This new trajectory may cause me to completely miss the jump, but I will end up going in the complete opposite direction of his attention, therefore causing him to pay attention to me, instead of his own desire to dodge the jump.

When he's gone a number of steps in my desired direction, I stop and reward him for his focus. Then, when I feel we're ready, we approach the jump again. If he dodges to the left again, I do the same behavior. But more than likely, if he doesn't go straight over, (usually they do) he'll try dodging to the right. This is progress. It means he's beginning to realize left doesn't work and he's exploring his options. But he soon realizes that right doesn't work either, because I send him in another 180 degree turn (left this time), directly opposite of his attention. When he's traveling in my desired direction I reward him again. Then the third time we approach the jump, he'll be thinking through his options. "Left didn't work. Right didn't work. OK, over the jump we go."

If I'm a good trainer, I'll reward the pants off him. (Not that horses wear pants)

Each day I grow from the challenges of the previous day. Each mistake leads to opportunities to re-align his focus. And day by day, I begin to develop a "true blue" partnership with my horse.

In the special case that he's a particularly clever horse, he may have a few more options up his sleeve, instead of jumping. Like stopping just in front of the jump. If this happens, I have to stop and wonder if I'm over-facing him in the first place. Maybe the jumps are too big for his confidence level and it's time to lower them. But if he's been over the jumps before, and I'm a super confident rider, I'll ask him to jump it from a stand still. There is no sense getting a run up, unless the jump is physically too high, and requires momentum. Most jumps, in the early stages don't. I've jumped three foot fences from a stand still many times to help horses realize the reward is on the other side. Once he makes it to the other side. I'll reward the pants off him again, and within one or two session I have a horse that will jump the moon with total confidence. Remember, knocking the poles over, doesn't really matter in the early stages. It's about getting him to respond, just like the kindergarten teacher gets the student to respond.

Besides, trainers that obsess about not knocking over poles in practice, aren't thinking about the horses experience. They're only thinking about the blue ribbon. They are being mechanical riders, instead of thoughtful and progressive teachers of attention and confidence. Also, training horses not to knock over poles should only ever come after the rider has earned the horses complete trust, attention, and responsiveness. Never before.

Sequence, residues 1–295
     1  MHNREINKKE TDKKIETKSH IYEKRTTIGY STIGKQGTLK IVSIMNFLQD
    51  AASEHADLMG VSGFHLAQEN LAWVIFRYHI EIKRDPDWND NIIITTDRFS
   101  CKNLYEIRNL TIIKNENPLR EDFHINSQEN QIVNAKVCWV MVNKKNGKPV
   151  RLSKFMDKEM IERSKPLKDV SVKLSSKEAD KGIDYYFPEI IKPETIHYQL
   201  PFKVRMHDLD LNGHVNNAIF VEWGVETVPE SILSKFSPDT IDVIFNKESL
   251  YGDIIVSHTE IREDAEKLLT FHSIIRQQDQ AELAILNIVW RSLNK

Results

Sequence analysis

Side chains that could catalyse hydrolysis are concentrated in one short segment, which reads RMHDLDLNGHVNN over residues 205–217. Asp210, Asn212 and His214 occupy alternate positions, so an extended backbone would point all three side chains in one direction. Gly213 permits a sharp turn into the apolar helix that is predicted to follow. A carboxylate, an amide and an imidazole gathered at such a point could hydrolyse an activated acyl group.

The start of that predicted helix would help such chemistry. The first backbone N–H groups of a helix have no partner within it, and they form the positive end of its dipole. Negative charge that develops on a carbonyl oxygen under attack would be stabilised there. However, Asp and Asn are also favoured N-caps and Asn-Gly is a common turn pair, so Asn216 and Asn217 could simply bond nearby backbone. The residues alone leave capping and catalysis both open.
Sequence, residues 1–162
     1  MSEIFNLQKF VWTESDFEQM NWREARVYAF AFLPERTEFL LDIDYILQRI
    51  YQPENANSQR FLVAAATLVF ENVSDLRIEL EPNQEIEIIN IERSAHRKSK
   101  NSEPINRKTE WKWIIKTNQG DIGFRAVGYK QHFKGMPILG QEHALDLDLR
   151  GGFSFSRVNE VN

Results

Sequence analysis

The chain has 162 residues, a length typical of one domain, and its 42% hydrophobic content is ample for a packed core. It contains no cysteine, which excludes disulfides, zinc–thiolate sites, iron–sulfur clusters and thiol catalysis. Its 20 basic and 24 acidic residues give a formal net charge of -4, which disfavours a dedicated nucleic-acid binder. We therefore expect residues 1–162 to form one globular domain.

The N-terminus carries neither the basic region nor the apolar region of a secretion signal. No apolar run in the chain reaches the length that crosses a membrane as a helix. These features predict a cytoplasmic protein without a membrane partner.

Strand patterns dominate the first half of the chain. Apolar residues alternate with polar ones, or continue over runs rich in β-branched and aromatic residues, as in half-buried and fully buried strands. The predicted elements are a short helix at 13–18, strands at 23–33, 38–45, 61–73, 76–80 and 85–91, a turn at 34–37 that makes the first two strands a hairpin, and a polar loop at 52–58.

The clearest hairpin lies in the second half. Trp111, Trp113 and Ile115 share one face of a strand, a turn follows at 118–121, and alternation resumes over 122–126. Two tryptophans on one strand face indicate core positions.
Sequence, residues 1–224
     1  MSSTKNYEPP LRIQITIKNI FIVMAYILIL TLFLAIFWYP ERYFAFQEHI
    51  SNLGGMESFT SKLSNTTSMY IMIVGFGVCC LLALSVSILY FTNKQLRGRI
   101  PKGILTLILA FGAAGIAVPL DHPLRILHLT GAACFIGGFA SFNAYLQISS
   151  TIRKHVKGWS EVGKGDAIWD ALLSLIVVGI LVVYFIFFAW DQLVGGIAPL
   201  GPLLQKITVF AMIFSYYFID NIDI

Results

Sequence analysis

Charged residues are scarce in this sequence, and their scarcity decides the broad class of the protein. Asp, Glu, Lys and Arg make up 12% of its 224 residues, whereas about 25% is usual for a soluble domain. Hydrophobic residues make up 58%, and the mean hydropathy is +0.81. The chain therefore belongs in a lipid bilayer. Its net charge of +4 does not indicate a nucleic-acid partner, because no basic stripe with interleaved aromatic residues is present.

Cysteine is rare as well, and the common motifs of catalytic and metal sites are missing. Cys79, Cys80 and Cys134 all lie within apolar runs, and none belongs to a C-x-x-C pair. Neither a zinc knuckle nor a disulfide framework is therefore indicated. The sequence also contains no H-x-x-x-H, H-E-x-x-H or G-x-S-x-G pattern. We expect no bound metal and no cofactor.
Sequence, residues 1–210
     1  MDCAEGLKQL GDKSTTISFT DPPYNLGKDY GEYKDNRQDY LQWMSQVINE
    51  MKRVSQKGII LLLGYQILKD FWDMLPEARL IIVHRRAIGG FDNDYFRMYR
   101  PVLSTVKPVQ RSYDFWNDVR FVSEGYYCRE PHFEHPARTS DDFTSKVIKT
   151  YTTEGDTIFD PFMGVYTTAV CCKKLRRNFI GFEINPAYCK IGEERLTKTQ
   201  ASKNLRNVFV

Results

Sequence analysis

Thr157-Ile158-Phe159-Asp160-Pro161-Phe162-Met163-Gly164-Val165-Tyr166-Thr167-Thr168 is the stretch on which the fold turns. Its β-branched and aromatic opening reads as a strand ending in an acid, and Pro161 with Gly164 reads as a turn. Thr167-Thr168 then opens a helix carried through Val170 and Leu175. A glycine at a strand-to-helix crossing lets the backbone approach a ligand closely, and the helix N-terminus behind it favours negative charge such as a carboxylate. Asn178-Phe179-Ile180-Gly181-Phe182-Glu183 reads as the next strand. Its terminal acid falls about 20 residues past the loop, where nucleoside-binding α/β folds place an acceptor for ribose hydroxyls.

On top of that, training a horse to not knock over poles, is the easiest thing in the world to do when you have the horse's full attention. All you have to do is add a bit of energy or speed after the jump. As a pattern, he'll learn that the rewards don't exist on the immediate other side of the jump. The rewards actually exist in the effort he outlays. In other words, you're not really training jumping. You're training attention and energy levels. When the horse gives you the energy you want, and the attention you want, you give him his favorite things. Which is rest, food, or bonding time.

In rare cases, if the horse blasts directly through the jump instead of jumping over jump, you have a different problem. That's a horse that has been horrifically over-faced. Time to go back to square one. Time to call me. I can get you through that one too. And guess what. It's all about training the horse to pay attention to what you want, instead of what he wants. Its about training him to lift and rewarding him amply, every time he lifts.

But let's say you have an especially clever horse. One that goes backward instead of going forward. Again, consider calling me. I can help. I can give you the keys to breakthrough. But here is the answer in a nutshell. Help him feel rewarded for responding in the right direction. Start small and don't be afraid to over-reward him at first. Get him to focus on what you want by acting like a kindergarten teacher who sets good boundaries but encourages positive focus. A horse that goes backward at the jump has either been over-faced or simply doesn't understand simple signals well enough to go forward when uncertain. In this special case, it's simply a matter of going back to basics and rebuilding your horse's trust, confidence, and respect.

Anyway, it won't take long before your horse begins to trust that the only rewards he gets in his riding career, come from paying full attention and responding to his trustworthy leader. That's you! (You have to be a trustworthy leader, in case you didn't already know. You have to be someone who builds confidence. Not someone who expects it.) Once your horse realizes that he can trust you and that he is rewarded for focusing on what you want instead of what he wants, anything becomes possible. You can show up at the local, regional, and national shows and take first place.

In summary, the key to success at the show is this. STOP riding mechanically, at home. START riding to train your horse's focus and attention. If he's distracted, that's natural, but it doesn't have to be standard. With proper attention based training, every horse will see the value in ignoring the shiny penny and instead respond to the rider's suggestions willingly.

If your not a jumper, and you operate in a different part of the horse industry, the same principles apply. Stop riding mechanically. START riding to develop the horses attention, energy, and alignment. When you have that, you have everything.

Anybody who's ever done a clinic with me in recent years has heard me say one particular phrase over and over and over. Here it is: "Always Eat Chocolate!" It's a simple, memorable acronym to illustrate what master trainers pay attention to when training horses. The "A" in always, stands for Alignment. The "E" in eat, stands for Energy. The "C" in chocolate, stands for Concentration or attention.

If you're fond of chocolate, you'll have no trouble remembering what's most important to develop in your horse relationship. It's not mechanical. It's masterful. The techniques you use to get from point A to point B in your horsemanship journey will vary. I have thousands of different techniques, I've learned. But techniques don't really matter compared to principles. Different horses need different things, but principally, the master always comes back to "Always Eat Chocolate." The best horse trainer programs are devoted to training attention, energy, and alignment, instead of mechanical robotic motion.

If you want more information about this, and other horse training topics, continue to read the other blog posts here: Thanks Don

Don Jessop - Blog Welcome

Hi! I'm Don Jessop

With Mastery Horsemanship

I write to inspire, educate and encourage you on your horse and personal journey.

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Don Jessop